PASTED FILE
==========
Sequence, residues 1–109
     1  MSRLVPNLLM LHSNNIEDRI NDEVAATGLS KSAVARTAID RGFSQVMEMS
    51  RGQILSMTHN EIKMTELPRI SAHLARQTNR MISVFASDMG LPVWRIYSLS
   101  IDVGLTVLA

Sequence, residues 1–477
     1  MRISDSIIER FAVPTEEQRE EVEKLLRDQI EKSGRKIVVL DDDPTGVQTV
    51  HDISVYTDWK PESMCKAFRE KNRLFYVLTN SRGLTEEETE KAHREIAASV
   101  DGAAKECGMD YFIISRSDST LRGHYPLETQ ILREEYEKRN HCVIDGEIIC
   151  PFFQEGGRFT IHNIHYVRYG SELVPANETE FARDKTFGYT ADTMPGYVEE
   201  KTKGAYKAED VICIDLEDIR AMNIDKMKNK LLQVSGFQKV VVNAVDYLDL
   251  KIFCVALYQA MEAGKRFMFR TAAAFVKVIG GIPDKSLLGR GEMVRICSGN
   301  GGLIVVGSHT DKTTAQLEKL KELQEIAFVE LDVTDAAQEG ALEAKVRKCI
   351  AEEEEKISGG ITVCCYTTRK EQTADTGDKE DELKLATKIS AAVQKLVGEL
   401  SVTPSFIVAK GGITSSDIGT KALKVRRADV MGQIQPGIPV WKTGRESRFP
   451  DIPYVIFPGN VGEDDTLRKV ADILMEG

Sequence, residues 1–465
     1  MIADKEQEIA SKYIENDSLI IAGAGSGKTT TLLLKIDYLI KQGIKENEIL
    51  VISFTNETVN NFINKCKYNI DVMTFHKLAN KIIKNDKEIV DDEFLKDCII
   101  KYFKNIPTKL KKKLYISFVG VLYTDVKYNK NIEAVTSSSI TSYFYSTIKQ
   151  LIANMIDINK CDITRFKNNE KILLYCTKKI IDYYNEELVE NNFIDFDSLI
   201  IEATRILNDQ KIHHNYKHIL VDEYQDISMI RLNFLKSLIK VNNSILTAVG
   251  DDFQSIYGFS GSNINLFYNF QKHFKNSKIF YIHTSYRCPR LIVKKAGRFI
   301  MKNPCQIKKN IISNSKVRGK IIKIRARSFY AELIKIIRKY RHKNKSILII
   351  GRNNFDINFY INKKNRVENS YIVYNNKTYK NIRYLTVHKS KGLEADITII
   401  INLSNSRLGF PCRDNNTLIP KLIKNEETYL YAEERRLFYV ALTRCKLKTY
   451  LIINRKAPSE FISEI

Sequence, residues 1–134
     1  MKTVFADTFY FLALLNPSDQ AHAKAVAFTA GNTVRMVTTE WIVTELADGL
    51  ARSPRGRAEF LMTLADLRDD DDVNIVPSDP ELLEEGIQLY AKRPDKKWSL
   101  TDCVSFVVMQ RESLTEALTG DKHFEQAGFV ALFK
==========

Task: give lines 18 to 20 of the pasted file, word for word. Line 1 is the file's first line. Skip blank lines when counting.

    51  VISFTNETVN NFINKCKYNI DVMTFHKLAN KIIKNDKEIV DDEFLKDCII
   101  KYFKNIPTKL KKKLYISFVG VLYTDVKYNK NIEAVTSSSI TSYFYSTIKQ
   151  LIANMIDINK CDITRFKNNE KILLYCTKKI IDYYNEELVE NNFIDFDSLI